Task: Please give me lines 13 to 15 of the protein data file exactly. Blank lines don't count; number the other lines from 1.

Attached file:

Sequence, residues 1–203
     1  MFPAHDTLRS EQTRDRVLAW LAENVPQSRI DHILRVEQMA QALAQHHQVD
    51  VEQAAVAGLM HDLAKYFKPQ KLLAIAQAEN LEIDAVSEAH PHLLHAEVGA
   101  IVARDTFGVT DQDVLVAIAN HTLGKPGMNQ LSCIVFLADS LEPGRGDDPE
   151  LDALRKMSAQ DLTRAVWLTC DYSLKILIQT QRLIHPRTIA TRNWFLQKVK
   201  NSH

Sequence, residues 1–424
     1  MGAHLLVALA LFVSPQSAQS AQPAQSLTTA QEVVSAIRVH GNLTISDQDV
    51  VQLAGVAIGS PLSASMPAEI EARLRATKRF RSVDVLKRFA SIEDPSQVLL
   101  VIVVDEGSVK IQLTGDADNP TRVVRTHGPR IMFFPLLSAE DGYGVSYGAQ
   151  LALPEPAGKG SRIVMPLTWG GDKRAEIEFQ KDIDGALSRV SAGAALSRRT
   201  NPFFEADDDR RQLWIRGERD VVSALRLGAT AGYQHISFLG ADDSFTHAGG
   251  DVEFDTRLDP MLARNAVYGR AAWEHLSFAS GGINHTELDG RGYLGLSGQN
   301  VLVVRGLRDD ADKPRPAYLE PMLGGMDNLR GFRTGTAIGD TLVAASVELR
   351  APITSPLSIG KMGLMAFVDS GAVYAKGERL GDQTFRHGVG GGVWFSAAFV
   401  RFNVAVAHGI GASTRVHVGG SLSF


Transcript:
   251  DVEFDTRLDP MLARNAVYGR AAWEHLSFAS GGINHTELDG RGYLGLSGQN
   301  VLVVRGLRDD ADKPRPAYLE PMLGGMDNLR GFRTGTAIGD TLVAASVELR
   351  APITSPLSIG KMGLMAFVDS GAVYAKGERL GDQTFRHGVG GGVWFSAAFV